Our three-story nest was just about empty. I puttered, putting final touches on the house, when I came to the well-worn poster on my son’s closet door. Discolored tape, frayed edges: This old thing has got to go! Yet I hesitated, my hand hovering above the brightly colored image—an abstract runner in motion. Marathon Kids! In an instant, I was deep in memory.
A crisp, sunshine-filled February day; my husband and I, herding our young family. The oldest drags her heels, in full-on early-tween mode. Her younger sister skips ahead, excitedly calling out to friends. Tony Berger Stadium hums with energized youngsters and their bustling families. Balloons shine against the bright sky. Music stirs the crowd; medals gleam and clink. Enthusiastic volunteers marshal the masses. Matthew, our “baby,” revels in the celebration as we make our way toward the track.
Moving Through Elementary School
That February was one of many Marathon Kids final mile celebrations. The program was originally founded in central Texas by Kay Morris as a kindergarten-to-5th grade children’s run/walk program. Morris’ goal was inspiration, to get kids moving at whatever pace fit. The inaugural year (1995), my daughter was 7 years old, her sister 5, and little brother—a curly headed ball of energy—only 3. My memory’s a little hazy on all the details (hey, that was more than 20 years ago!) but the excellent P.E. teachers at North Oaks Elementary–now Kathy Caraway Elementary—introduced us. Our girls, new kids in Round Rock ISD, quickly embraced Marathon Kids. And, naturally, Matthew wanted to do whatever his big sisters were doing. He hit kindergarten and Marathon Kids running and didn’t stop until 5th grade’s last and final mile.
Record keeping was fun. We proudly posted progress charts, tracking quarter mile by quarter mile. Popsicle sticks, each worth one lap, were counted (“Look how many I got in P.E. today!”). Calculations were performed–how many laps equaled a mile? How many miles were yet to go? What was needed to reach that big goal, and how much time was left?
Kids are kids, and Matthew had his share of whiny times. But with every “I don’t feel like doing my Marathon Kids today” came an opportunity to talk about commitment, dedication, and reward: If you want to finish, you can’t slack off. Sometimes, the biggest obstacle to success is simply getting out the door. Our family pulled together to turn yuck into fun. Sisters, mom, dad—we’d find a way to help overcome that down moment.
Bigger Rewards than a Medal
Who knew I’d have such fond memories of an elementary school program? As a runner and marathoner, I rejoiced that my family and I were sharing common footing. Those special P.E. days, when parents were invited to join in for laps, were a treat. Not just for time with my kid but for the other parents’ positive energy. Maybe, thanks to their kids, they’d started walking or rediscovered joy in running. February’s final mile celebration—full of beaming parents, proud kids, moving masses—always brought me to tears.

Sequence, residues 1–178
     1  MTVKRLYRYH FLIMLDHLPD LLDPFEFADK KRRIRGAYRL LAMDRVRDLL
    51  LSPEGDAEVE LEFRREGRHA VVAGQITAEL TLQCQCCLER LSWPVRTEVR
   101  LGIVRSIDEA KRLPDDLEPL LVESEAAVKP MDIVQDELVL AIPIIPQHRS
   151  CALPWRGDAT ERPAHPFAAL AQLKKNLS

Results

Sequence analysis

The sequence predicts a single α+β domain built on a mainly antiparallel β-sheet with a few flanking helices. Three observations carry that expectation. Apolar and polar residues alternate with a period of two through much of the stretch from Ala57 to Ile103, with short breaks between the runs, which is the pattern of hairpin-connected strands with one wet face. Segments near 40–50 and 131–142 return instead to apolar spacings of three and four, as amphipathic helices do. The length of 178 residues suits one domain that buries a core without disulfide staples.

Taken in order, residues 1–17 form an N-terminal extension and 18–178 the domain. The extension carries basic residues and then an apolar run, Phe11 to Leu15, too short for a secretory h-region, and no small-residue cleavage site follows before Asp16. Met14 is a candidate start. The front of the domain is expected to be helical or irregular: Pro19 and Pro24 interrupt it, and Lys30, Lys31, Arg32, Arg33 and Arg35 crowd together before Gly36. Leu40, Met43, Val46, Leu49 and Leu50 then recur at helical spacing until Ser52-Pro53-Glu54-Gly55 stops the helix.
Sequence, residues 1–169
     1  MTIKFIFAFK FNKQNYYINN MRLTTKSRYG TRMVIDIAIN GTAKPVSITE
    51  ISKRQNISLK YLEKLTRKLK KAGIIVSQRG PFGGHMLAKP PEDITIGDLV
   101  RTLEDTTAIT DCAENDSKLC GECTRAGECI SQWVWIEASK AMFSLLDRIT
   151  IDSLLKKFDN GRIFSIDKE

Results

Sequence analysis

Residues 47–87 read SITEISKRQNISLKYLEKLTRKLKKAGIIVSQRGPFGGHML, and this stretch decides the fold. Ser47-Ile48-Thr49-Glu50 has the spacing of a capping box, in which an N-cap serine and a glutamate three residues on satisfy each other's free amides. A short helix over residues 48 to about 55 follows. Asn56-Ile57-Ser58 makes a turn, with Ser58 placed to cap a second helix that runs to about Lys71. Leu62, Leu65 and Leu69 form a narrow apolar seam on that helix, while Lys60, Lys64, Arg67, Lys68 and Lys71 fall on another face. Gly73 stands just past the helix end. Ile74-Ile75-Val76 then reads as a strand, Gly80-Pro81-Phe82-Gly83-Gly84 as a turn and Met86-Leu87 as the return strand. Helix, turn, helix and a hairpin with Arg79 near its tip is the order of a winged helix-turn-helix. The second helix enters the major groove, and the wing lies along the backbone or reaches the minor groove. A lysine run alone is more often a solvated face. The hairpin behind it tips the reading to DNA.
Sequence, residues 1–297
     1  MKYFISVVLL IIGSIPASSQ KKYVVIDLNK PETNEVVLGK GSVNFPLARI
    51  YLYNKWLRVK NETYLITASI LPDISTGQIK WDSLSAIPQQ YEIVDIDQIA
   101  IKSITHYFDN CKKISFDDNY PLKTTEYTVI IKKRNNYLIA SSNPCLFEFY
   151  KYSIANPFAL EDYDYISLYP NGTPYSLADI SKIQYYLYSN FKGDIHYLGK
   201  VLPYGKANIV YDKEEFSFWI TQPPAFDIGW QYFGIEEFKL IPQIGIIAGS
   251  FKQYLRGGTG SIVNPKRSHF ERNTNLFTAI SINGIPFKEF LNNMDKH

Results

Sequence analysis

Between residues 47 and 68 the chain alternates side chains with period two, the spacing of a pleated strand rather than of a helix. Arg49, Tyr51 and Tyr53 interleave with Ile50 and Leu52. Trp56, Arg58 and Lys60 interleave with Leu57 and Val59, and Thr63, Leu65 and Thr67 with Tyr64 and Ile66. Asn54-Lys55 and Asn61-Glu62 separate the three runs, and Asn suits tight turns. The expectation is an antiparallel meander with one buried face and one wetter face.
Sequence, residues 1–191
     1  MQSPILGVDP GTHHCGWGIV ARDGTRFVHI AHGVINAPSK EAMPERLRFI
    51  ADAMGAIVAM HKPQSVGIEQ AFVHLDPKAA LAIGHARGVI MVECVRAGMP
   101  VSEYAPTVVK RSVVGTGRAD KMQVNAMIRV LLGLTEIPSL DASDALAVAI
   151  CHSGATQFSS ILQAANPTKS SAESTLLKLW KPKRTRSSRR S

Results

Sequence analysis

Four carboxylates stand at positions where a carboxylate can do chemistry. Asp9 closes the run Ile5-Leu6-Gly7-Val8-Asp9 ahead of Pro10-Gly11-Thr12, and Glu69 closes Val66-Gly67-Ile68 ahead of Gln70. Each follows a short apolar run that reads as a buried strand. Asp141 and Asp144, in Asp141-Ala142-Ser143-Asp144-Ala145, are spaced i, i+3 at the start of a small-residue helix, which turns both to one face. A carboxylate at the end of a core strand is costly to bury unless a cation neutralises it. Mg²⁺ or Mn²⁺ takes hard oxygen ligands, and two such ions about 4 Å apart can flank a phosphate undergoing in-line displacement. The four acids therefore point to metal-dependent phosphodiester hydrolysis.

Just like a race is never simply about the finish line, Marathon Kids was so much more than activity. Yes, the P.E. program promoted covering a marathon-length at whatever pace, and my uber competitive son made a point to run each mile every year. Marathon Kids, however, wasn’t focused on speed, nor was comparison among participants encouraged. It was about discovering individual awe. That feeling when you realize taking on the impossible, a little piece at a time, no matter your age or physical ability, can bring amazing success.
Growth wasn’t merely stronger muscles, a healthier lifestyle, or better cardio. Character was built on those yuck days, when heading out the door didn’t seem fun at all. But Marathon Kids did anyway. They learned to look beyond and see the horizon.
Sure, Marathon Kids had cool swag—that yearly poster, finisher t-shirts all my kids wore forever, the impressive medal—but the tangible reward was confidence. Marathon Kids knew they could. Not just run or walk for 26.2 miles but complete what they’d started. Finish stronger than when they began.
Marathon Kid Lessons, All Grown Up
My now 25-year-old son recently sat at our kitchen counter, reviewing his objectives for an upcoming mentor meeting. He’d prepared, scheduled appropriate time for the drive into Austin, brushed up and printed copies of his resume. Matthew’s been on his own for a few years and is evaluating career directions. With a sigh, he mused about the long hours required at his current job: “I’m already at work when I see people getting their early morning run in and I think, ‘I’d like to do that.’ Once I have more free time, I’ll get back to working out.”
For a second, I see that wiry kid with his mischievous grin and brown legs hurtling down the track. Oh, sweetheart, I think, you may not be physically running right now but the Marathon Kid is still moving. Working hard, intent on the horizon. Persevering. Facing big challenges.
Putting one foot in front of the other and heading toward success.
Leah Fisher Nyfeler is a dedicated word wrangler. Her blog, Enjoying the Journey: Observations on the Fit Life, embraces adventure and explores topics spanning workouts to life transitions and travel. Former editor in chief of Austin Fit Magazine, Nyfeler’s writing currently appears in a variety of print and online publications, including Texas Lifestyle Magazine, Medium.com, and more. She lives, writes, and edits in Austin, TX, where she relishes working out with friends, eating fabulous food, and reading just about anything.